IRS Continues to Push New Restrictions on Political Activity Despite Bipartisan Opposition

IRS headquarters in Washington, D.C. / AP
April 17, 2014

The Washington Post reports that the IRS is "forging ahead" with its plan to impose new restrictions on political activity by tax-exempt organizations, "despite pressure from conservatives to abandon the effort." Per the Post:

[IRS Commissioner John] Koskinen said this week that the IRS and Treasury Department are likely to rewrite controversial draft guidelines proposed in November to define "candidate-related political activities" that could disqualify advocacy groups from tax-exempt status.

That announcement brought relief to groups that want reform but feared the draft rules had gone too far. But it did little to ease the concerns of conservative groups that want the IRS to end its efforts.

The commissioner also said the agency will hold a public hearing on the original proposal around midsummer. The rule-making process, however, is likely to continue through the end of the year, Koskinen said. [emphasis mine]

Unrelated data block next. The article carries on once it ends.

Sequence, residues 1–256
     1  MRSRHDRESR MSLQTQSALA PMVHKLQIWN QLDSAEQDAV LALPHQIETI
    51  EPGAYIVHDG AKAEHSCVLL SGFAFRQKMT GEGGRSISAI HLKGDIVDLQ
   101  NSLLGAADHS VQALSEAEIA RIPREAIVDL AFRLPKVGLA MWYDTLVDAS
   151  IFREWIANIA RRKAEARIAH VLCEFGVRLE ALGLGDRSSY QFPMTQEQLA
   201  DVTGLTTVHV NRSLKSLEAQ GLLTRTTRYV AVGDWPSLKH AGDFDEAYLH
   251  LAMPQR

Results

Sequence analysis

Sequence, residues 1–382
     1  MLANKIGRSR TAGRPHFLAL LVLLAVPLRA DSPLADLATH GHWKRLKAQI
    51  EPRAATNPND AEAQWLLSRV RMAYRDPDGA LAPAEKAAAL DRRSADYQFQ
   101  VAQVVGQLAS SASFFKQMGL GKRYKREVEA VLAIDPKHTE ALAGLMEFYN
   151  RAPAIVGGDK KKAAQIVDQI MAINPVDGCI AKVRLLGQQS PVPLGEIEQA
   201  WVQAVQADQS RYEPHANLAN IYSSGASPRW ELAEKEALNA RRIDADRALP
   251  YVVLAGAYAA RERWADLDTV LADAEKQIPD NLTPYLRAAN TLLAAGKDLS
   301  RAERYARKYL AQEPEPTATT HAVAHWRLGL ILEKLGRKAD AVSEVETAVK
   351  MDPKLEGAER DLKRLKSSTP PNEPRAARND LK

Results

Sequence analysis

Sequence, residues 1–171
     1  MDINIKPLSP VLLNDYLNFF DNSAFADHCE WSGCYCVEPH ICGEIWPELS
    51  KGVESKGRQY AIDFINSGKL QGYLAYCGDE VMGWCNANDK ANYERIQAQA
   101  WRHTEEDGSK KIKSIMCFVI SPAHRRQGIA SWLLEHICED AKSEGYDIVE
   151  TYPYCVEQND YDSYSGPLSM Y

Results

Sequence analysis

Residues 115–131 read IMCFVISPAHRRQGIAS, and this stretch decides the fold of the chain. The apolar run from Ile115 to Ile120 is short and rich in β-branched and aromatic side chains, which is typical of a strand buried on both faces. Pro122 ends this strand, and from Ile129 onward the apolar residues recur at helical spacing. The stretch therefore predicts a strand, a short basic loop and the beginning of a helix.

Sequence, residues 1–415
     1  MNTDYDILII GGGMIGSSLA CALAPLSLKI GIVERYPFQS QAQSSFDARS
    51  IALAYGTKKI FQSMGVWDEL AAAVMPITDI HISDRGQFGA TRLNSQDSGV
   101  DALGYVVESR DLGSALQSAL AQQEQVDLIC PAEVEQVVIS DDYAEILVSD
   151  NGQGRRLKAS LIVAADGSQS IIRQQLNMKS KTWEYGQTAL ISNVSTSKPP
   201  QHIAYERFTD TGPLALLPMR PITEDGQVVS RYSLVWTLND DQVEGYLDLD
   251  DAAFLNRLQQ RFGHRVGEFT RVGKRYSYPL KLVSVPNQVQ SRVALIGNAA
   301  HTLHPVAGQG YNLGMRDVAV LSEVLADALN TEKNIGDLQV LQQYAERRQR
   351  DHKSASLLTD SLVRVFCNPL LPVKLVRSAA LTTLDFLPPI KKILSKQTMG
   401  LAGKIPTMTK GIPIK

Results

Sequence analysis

That the IRS appears to be postponing its plan to issue new rules until after the midterm elections is already a significant concession for the Obama administration.

What’s curious is how long it takes the Post to acknowledge that opposition to the proposed changes is bipartisan, waiting until paragraph eight to note, "Lawmakers and policy analysts at both ends of the political spectrum have criticized the draft guidelines," which effectively ban tax-exempt groups from participating in "election-related activities" such as voter-registration and voter-turnout drives.

The American Civil Liberties Union, for example, along with other left-leaning groups, have been critical of the IRS proposal, insisting that any new rules should "ensure that issue advocacy and non-partisan voter work, on both the left and right, aren’t treated like partisan electioneering."

Published under: 2014 Election , IRS